A potential housing market crash is more likely to occur in 2023, after the 2022 midterms where the other administration gets control.  This is because the whole system becomes unstable and under contention, perhaps in a stale mate. US homeowner debt is low we might not be looking at foreclosures, but rather just a big drop in prices.

It’s difficult to know which factors would combine to launch a crashing of the housing market. It might be a matter of watching the various pieces of the puzzle move and settle into place.

A potential war action and embargo response against China and Russia seem inevitable. The bad news is piling up for for the current administration and their popularity at an all time low. With stubborn positions on US oil production, rising rates, big regulation (including the housing market), and no big stimulus in the works, the big doesn’t look good.  Doomsayers are gaining credibility.

Much of our optimism stems from the end of Covid which should rev up world markets in the late spring. Yet what’s happening in the political arena suggests all of that may not happen.  Turnaround in government policy is unlikely. The 2022 midterms are not far away and investors are always looking ahead. If the stock market doesn’t like what it sees, could the economy follow suit.

And what happens when the zeal and furor of buyers suddenly evaporate?  How will prices react?

There are 34 signals/factors to watch below.

First Time Buyers Dropping Off

In the last two years, Covid stimulus actually boosted house prices and increased demand. Now at the end of the plague, more workers will be drawn back to the cities which is already seeing more sales of condos. Prices of condos will be supported and the pressure on house prices will be eased.

During the 12 first months of the pandemic home prices rose 15% on average across the US and that was repeated in the previous 12 months.  First time buyers were hot in the mix, but they’ve started to fall off.  If interest rates rise substantially, then these buyers may face big trouble with rising mortgage payments in the coming years.  Mortgage payments in Los Angeles are up $200 a month year over year already and first timers are likely feeling the heat.  Those who have to refinance will face steep climbs, which is refinancing is down 70%.

If the Fed raises interest rates too quickly, many overleveraged homeowners, apartment landlords, and others will be in trouble. Landlords are doing better now but it will take years for them to recover their losses from the rent default pandemic era, and rent default is still high.  Could they survive another financial blow?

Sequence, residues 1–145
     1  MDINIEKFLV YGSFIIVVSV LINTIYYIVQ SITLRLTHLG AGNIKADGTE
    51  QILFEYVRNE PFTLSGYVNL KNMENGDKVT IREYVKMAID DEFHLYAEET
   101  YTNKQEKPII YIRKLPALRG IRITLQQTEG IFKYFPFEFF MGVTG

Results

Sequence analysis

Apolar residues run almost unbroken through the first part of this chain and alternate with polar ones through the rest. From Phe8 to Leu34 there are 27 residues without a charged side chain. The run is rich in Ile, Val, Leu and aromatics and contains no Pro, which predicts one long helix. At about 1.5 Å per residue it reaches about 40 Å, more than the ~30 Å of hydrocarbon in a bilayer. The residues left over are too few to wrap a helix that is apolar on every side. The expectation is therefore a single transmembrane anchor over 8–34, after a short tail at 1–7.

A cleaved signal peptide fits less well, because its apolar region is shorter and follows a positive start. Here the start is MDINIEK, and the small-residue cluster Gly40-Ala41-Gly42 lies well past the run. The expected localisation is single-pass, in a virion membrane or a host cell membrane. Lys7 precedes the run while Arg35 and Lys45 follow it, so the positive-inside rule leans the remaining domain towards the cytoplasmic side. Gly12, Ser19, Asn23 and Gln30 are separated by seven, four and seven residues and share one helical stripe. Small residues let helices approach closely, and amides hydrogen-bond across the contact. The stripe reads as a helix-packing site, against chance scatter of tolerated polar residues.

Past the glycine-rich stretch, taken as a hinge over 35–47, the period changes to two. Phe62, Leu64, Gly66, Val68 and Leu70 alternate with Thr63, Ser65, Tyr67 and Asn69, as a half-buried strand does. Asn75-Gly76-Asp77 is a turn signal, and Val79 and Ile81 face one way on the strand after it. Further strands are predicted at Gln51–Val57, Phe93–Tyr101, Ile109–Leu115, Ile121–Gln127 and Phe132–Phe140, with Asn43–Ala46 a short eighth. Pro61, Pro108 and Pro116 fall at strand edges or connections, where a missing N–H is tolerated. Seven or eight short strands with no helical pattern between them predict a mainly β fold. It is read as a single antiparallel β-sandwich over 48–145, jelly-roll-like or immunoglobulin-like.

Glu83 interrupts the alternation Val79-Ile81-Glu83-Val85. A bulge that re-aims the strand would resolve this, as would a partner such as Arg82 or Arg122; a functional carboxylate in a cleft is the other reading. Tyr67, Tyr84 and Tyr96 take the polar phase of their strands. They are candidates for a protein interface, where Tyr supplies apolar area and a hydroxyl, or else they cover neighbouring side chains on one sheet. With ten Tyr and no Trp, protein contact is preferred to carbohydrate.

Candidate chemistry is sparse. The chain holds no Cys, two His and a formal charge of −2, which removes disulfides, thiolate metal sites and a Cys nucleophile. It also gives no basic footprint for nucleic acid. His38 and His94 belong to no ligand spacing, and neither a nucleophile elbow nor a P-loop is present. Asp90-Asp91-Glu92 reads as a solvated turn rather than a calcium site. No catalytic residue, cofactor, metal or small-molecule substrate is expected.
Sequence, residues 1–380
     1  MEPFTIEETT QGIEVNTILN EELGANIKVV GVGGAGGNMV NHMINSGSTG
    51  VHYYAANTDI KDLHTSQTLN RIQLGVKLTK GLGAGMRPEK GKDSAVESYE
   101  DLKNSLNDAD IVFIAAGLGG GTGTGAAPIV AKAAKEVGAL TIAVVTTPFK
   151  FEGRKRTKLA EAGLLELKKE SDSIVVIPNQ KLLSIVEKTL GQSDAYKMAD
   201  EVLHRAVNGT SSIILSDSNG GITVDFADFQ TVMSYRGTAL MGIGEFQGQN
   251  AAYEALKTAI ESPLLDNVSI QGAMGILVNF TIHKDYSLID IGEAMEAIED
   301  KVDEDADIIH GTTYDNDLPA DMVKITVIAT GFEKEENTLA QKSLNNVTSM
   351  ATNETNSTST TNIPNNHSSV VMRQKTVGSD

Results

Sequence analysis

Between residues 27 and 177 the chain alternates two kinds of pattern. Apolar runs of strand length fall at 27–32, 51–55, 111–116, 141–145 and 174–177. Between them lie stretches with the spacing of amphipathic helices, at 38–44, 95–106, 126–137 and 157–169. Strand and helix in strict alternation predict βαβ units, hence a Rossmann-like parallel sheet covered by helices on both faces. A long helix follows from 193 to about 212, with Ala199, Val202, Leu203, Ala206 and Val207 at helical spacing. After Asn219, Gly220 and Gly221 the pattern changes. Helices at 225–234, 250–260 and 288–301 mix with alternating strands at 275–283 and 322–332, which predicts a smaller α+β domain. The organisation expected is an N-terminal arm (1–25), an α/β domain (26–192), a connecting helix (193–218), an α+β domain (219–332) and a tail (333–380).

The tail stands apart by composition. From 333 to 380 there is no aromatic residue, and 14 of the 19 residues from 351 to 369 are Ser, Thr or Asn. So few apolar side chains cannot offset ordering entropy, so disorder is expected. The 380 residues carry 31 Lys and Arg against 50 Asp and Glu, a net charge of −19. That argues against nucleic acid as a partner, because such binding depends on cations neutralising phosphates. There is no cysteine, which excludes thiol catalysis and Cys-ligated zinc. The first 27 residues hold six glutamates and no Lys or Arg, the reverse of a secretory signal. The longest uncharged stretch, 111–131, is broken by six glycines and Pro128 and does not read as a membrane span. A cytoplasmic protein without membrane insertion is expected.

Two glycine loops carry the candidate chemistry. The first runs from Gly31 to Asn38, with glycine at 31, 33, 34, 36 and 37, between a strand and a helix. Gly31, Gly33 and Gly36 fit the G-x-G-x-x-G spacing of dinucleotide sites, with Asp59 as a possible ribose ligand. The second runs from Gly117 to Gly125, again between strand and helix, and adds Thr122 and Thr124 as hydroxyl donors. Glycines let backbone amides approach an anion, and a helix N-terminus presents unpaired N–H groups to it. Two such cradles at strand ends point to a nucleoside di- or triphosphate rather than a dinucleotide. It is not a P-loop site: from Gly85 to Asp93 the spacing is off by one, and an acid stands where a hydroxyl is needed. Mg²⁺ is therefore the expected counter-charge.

Screenshot courtesy of Usafacts.org.

That’s because of the work from home/office shutdown situation.  Because when residents are uprooted in any manner, they need a new living situation. That uprooting movement (from parents home or shared living spaces) causes new housing demand, which raises prices.

There is still plenty of demand from Millennials, and from those who have left their old jobs for better new jobs. Sometimes they’re in new cities, sometimes just across town.  For 2022, we have lots of demand.

34 Factors to Pay Attention To

Below are 34 major housing crash factors that could play into falling home prices in 2023.  US banks are solid, interest rates are low, demand is huge, and Americans do have money.  A drop in prices would only provide opportunities for those sitting on the sidelines due to the price.  Nevertheless, mortgage holders are fearful, and buyers are wishful.  See the 34 housing crash factors now.

There’s been talk of a housing correction for years now and it’s never happened. The home price chart shows almost no letdown even through the pandemic crisis.  If that couldn’t cripple the real estate market, what could?

Zillow’s estimates are very positive for future home prices.

Home Price Forecast
Screenshot courtesy of Zillow

34 Major Crash Factors for the US Housing Market 

  1. buyer fatigue builds to a truly precipitous point where any event could stop buying
  2. Attom Data reports homeowner profit from home sales has dropped down to what it was in 2008
  3. rising interest rates add $500 to the typical mortgage
  4. inventory in some high tax cities begins to be dumped (New York, Boston, Chicago, Los Angeles, San Francisco)
  5. tech sector plunges on falling consumer spending and trade issues with China
  6. buyer behavior becoming overzealous — bidding wars with vertical price rises in some cities
  7. ibuyers such as Zillow begin to get out of the market
  8. stock market downturn
  9. Covid infection surges and new virus variant appears (BA 2)
  10. construction picks up quickly and home glut appears in 2023
  11. oil and energy prices soar and inflation rises making buying unsavory
  12. speculators believe it’s time to fully back out of the housing market